Experience around the world has demonstrated that restricting access to legal abortion care does not substantially reduce the number of procedures, but it dramatically reduces the number of safe procedures, resulting in increased morbidity and mortality. Millions of persons in states lacking protections for abortion care are also likely to be denied access to medication-induced abortions. It may be difficult for many Americans in 2022 to fully appreciate how complicated, stressful, and expensive, if even attainable, their most private and intimate decisions will become, now that Roe has been struck down. A recent New York Times article recounted the experiences of women, now in their 60s and 70s, who sought abortions before Roe.5 They described humiliating circumstances, unsafe procedures literally performed in back alleys, and the deep shame and stigma they endured. Common complications of illegal procedures included injury to the reproductive tract requiring surgical repair, induction of infections resulting in infertility, systemic infections, organ failure, and death.6 We now seem destined to relearn those lessons at the expense of human lives.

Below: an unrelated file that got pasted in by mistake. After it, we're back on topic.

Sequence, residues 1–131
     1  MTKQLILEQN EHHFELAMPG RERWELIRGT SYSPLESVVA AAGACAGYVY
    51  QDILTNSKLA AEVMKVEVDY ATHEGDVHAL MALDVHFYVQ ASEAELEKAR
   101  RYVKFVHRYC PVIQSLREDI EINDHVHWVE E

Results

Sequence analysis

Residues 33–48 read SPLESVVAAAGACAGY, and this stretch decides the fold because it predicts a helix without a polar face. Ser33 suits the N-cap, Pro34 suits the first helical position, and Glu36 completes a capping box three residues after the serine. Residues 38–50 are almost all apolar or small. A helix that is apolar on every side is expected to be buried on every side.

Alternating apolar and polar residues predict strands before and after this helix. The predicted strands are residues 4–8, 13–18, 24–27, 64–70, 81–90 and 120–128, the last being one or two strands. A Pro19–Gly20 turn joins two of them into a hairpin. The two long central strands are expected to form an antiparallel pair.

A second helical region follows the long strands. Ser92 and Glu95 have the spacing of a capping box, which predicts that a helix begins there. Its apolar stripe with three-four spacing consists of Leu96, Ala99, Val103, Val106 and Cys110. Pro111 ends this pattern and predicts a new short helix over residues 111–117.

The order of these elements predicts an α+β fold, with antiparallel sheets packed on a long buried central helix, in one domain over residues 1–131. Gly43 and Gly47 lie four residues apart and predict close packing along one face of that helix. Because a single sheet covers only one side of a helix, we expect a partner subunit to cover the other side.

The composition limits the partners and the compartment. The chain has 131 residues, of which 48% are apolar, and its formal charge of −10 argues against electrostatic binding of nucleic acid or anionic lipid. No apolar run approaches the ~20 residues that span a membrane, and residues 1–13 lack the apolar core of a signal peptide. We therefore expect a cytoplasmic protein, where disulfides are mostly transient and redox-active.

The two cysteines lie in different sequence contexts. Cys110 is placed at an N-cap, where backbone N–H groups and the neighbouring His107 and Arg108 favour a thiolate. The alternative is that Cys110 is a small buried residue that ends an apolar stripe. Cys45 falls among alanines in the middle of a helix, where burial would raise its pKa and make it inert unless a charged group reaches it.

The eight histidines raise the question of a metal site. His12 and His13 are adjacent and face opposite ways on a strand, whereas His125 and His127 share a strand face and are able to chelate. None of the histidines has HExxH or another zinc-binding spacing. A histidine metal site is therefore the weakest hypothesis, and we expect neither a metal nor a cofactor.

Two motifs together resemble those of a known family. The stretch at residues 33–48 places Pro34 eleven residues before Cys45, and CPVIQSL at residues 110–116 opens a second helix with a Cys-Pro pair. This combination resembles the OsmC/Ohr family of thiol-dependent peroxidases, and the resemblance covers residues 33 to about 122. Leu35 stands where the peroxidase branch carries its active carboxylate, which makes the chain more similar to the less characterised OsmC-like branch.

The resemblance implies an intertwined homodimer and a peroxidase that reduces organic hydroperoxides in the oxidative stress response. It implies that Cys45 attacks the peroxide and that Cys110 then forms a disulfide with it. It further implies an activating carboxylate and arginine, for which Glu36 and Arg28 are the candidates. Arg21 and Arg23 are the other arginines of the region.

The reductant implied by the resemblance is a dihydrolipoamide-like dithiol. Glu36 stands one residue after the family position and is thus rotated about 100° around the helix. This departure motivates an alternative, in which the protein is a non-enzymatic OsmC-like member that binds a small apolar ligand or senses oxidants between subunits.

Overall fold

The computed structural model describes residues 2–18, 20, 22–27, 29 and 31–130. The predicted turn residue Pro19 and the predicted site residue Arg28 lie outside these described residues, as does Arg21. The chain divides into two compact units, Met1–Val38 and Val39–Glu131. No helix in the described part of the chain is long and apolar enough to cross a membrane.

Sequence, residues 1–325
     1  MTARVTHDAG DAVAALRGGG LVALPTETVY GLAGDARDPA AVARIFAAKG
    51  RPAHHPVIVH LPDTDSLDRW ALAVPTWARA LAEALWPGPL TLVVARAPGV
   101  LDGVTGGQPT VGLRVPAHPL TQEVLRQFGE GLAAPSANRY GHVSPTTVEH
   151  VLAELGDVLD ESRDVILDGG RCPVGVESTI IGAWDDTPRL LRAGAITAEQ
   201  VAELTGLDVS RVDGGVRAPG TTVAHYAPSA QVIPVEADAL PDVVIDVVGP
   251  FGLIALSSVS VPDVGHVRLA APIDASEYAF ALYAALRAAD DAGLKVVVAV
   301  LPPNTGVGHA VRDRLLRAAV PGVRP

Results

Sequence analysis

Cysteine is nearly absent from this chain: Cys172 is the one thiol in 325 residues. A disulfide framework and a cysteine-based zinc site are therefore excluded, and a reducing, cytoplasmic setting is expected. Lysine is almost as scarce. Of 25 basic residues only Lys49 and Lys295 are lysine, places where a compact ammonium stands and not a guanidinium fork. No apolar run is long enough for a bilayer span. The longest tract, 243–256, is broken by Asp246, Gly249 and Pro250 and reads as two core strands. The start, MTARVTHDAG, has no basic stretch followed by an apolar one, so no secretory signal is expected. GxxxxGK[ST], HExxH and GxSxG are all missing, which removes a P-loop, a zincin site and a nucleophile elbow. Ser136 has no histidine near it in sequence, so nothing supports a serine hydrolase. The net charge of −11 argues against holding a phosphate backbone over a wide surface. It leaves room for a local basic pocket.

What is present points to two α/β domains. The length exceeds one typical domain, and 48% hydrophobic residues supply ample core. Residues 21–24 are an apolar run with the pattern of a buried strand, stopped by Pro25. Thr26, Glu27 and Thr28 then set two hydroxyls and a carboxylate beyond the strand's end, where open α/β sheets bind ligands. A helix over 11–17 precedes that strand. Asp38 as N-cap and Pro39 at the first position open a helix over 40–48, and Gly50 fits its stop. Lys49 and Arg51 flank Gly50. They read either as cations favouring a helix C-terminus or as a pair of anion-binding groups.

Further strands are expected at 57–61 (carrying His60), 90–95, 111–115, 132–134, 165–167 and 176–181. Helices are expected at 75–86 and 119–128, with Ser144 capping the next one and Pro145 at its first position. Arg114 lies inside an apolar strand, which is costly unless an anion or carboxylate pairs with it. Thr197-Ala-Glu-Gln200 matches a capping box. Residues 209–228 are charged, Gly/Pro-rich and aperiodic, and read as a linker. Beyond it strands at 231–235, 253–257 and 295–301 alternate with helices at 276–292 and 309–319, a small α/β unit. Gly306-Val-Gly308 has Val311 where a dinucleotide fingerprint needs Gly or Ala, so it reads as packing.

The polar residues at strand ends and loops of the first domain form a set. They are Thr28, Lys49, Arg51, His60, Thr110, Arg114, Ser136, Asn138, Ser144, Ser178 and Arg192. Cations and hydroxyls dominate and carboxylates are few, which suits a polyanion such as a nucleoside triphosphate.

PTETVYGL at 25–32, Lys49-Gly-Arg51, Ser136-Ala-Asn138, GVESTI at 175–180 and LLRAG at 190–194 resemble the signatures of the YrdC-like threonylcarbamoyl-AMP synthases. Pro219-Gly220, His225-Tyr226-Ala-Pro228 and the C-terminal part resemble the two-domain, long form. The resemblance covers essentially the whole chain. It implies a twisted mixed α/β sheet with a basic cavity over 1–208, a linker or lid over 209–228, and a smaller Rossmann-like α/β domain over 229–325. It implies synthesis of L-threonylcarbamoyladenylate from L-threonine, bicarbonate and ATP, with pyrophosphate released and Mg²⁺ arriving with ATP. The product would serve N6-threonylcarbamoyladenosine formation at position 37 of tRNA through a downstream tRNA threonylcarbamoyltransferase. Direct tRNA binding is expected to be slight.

Without federal protection, recent state laws curtailing or eliminating the right to abortion care will deny Americans’ reproductive autonomy and create an Orwellian dystopia. Examples are the Oklahoma law enacted on May 25, 2022, that declares life to begin at fertilization and the Texas bill that went into effect on September 1, 2021, which empowers third parties to bring civil suits and collect damages against persons who perform, aid, or abet abortions. Defendants in such suits will bear their legal costs, while plaintiffs are indemnified against countersuits for bringing groundless actions. Use of postcoital contraception, either hormonal contraception or placement of an intrauterine device, could be equated with abortion and prosecuted; some jurisdictions (e.g., Mississippi) are already considering such actions. A single act of coitus not timed with respect to the menstrual cycle has a 3% probability of causing conception.7 After conception, approximately 14 days elapse before chorionic gonadotropin reaches detectable levels in maternal blood. Approximately 30% of recognized pregnancies result in miscarriages. Thus, in some jurisdictions, people could be prosecuted for aborting a pregnancy by using post coital contraception, despite a 98% probability that their actions did not cause an abortion, but there is no way to prove or disprove that they were pregnant.